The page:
Programming New Years Resolutions for 2015
I've decided to make a number of changes this year, but today I wanted to share my goals in the realm of programming.
It is my understanding that something like 97% of new years resolutions fall face first within only a couple of months and to me that's pretty unfortunate. I guess some goals are too lofty or cumbersome and that's understandable given the overall grandiosity of a new year. Shooting too big and failing to me isn't a sign of weakness but rather a sign that the person is looking at the goal as a whole rather than breaking it into small chunks.
That's why as I approach my goals, I want to keep in mind that if they seem too big at times, then I'm likely looking at the world with a flat perspective. Goals can be better managed in pieces and I intend on applying the same method of a todo list to mine. Checking things off feels good and I plan on checking a lot of things off.
So without further adieu, my list.
Become a better computer scientist
I wanted to lead off with the biggest and most important goal for me this year. In 2014, I participated in a number of interviews and have practiced a number of questions just to get a general guage for where I stand in terms of competence.
Do you know what I found out?
I'm not as good of a computer scientist as I believed myself to be. I went to Penn State university and got a four year degree in Information, Science, and Technology. This isn't computer science but I told myself that it was very similar in the sense that I did take a lot of programming classes and learned a lot about the fundamentals of software design. I learned object oriented programming, developing large systems, threading, networking, and a lot of other things. But as I take interviews and practice problems online I realize that I don't know the basics about data structures and algorithms.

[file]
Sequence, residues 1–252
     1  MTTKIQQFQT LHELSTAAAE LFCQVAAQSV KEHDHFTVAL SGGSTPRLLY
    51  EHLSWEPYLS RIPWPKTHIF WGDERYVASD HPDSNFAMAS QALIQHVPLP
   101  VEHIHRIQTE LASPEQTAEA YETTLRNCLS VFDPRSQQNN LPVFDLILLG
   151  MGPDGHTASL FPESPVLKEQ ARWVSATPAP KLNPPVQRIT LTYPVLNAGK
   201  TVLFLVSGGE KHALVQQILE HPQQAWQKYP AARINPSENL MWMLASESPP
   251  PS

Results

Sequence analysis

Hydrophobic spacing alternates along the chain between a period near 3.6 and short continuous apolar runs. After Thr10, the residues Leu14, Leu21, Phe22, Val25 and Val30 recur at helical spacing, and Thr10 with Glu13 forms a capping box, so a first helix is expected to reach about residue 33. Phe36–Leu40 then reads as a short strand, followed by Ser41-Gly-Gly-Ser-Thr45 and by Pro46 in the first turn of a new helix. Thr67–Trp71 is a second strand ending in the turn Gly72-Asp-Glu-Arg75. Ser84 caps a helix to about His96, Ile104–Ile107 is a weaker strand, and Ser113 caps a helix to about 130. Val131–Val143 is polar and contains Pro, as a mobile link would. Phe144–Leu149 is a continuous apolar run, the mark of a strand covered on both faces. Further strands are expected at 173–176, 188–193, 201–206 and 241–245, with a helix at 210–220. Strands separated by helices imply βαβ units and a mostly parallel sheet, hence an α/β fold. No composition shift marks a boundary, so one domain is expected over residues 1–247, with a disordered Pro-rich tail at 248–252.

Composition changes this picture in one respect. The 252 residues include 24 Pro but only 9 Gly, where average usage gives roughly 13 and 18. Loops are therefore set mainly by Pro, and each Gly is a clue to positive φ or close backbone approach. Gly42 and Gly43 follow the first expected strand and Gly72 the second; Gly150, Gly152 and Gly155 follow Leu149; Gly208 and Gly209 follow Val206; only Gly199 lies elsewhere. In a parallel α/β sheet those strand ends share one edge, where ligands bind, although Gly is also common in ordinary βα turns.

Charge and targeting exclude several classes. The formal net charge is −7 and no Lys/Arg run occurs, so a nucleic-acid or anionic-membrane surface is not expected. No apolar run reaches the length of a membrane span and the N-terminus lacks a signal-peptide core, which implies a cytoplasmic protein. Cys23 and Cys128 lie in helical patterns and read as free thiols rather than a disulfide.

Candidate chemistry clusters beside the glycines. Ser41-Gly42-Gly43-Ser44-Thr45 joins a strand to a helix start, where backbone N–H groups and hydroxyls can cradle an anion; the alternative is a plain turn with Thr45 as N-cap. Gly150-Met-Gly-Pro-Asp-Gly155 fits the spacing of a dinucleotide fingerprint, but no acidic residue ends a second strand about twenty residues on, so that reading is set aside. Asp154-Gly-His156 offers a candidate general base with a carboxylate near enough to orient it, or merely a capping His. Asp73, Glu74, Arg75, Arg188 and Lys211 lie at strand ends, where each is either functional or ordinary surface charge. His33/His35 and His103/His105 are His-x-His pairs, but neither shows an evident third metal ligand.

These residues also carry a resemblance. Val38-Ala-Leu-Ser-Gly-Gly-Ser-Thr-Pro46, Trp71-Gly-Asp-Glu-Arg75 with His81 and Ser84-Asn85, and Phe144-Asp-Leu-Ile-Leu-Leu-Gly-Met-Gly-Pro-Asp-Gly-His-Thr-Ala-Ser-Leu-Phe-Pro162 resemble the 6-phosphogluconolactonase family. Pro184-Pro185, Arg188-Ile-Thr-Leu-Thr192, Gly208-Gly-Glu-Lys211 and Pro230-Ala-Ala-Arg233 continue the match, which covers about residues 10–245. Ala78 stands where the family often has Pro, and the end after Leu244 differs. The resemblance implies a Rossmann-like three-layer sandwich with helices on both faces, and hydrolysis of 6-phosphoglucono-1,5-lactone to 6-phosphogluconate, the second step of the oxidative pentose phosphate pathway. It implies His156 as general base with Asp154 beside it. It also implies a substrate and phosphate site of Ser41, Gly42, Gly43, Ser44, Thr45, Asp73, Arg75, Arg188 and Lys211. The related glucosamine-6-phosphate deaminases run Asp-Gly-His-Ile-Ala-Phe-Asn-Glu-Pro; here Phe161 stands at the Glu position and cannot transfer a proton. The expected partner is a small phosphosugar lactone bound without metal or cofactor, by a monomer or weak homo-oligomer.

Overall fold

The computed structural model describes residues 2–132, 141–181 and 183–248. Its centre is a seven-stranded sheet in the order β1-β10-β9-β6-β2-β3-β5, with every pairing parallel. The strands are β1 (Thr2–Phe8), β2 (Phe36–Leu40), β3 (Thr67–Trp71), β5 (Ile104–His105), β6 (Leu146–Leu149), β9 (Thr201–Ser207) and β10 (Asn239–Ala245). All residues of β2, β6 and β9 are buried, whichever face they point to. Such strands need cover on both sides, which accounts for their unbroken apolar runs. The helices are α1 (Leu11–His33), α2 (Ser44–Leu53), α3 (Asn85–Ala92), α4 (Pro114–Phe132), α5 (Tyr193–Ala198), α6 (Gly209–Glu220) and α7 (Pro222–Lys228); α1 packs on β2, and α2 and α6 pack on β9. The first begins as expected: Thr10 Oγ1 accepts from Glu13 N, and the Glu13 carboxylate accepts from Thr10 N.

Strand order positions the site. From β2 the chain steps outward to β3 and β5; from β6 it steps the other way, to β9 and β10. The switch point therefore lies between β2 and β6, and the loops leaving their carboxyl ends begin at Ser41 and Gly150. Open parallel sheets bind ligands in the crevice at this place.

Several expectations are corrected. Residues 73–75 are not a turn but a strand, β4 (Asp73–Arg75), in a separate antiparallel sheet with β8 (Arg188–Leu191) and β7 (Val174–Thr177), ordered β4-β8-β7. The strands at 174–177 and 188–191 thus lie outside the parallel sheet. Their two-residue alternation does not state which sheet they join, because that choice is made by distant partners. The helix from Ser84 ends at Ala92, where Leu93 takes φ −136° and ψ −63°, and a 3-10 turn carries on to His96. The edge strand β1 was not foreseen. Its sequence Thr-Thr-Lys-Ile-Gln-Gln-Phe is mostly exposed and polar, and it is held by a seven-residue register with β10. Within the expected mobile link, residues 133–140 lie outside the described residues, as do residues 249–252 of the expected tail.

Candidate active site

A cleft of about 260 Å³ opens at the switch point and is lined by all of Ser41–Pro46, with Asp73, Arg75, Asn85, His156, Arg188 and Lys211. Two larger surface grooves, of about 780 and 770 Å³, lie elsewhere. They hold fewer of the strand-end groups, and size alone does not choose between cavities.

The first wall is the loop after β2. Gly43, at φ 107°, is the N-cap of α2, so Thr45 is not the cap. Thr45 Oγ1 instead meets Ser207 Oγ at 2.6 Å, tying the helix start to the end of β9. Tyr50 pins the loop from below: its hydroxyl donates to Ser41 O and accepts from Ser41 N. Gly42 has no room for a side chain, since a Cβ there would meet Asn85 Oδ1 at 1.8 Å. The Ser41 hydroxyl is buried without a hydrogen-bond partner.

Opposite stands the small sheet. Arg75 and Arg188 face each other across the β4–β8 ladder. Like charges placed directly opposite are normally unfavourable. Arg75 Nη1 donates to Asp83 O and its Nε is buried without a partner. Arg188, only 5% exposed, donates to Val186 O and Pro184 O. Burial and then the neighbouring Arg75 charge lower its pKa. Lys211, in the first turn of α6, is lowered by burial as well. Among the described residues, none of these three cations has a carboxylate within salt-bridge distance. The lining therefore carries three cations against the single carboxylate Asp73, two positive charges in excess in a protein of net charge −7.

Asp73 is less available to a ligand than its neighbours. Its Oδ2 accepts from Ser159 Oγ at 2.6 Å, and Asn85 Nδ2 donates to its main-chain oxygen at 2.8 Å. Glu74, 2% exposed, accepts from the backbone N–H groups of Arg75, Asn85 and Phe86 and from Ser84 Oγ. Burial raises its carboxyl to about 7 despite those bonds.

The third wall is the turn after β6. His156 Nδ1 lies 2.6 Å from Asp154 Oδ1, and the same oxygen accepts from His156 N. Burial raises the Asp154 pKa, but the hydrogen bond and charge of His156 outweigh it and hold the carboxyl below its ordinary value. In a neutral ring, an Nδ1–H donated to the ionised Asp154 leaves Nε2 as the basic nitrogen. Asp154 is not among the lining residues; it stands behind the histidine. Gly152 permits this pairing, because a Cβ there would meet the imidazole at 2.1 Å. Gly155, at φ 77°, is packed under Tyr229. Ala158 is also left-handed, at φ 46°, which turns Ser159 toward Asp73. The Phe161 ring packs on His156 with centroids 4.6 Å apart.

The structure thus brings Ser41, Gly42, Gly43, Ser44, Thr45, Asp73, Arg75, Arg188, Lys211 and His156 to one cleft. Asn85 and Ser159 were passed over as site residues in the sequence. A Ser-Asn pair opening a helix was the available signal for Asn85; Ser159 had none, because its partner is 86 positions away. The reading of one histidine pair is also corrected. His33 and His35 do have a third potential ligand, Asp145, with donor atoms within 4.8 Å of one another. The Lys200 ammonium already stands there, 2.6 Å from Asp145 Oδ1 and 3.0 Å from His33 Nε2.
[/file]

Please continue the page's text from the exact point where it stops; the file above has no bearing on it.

I'm someone who uses a lot of built-in language constructs without thinking about if they're the most efficient solution.
In a way, this upsets me.
I spent the money and took the time to learn programming as a trade and I left without taking a fundamental knowledge of things. This is why I'm taking 2015 to become better and finish my education. I want to be a true computer scientist and I want to solve real problems. I love the web, but software is more than using a framework and trusting the built-in support system it provides. It's problem solving, doing math, doing less processing to achieve better results.
How do I do this though because I can't go back to school?
Well in a way, I can. Coursera is a great website for free programming classes taught by prestigious universities. If you haven't seen it, I highly recommend searching their class database to see if something you find is interesting. It has more than programming so if you just want to pick up a new useful skill then it's worth a glance. I've attempted to take some courses there before but the problem was that I didn't challenge myself. I took an intro to Python course because a friend was taking it too and I was bored to tears since I knew more than each lesson.
I need challenges and what that I have selected a few courses. Before I list them though, I want to make clear that my schedule may not be able to handle these courses as they stand. Their concurrent and managing a 20 hour a week work load plus a job and family is not easy. Nonetheless, if it becomes too much time then I'll be dropping a class and waiting for it to resume at a later date to get the knowledge.
So here's what I'll be taking:
- Cryptography I (taught at Stanford | January 5th - March 9th): This class is an introduction to cryptography and I think it's important to know in the realm of computer science. As you may have seen, I created an app ProtectedMessage where you can create messages that will be encrypted for sharing and they will expire after 30 minutes. This is where I realized how much I liked knowing some cryptography. I want to study this deeper and understand what's really going on to build these ciphers. I believe this course will be one of the harder ones for me.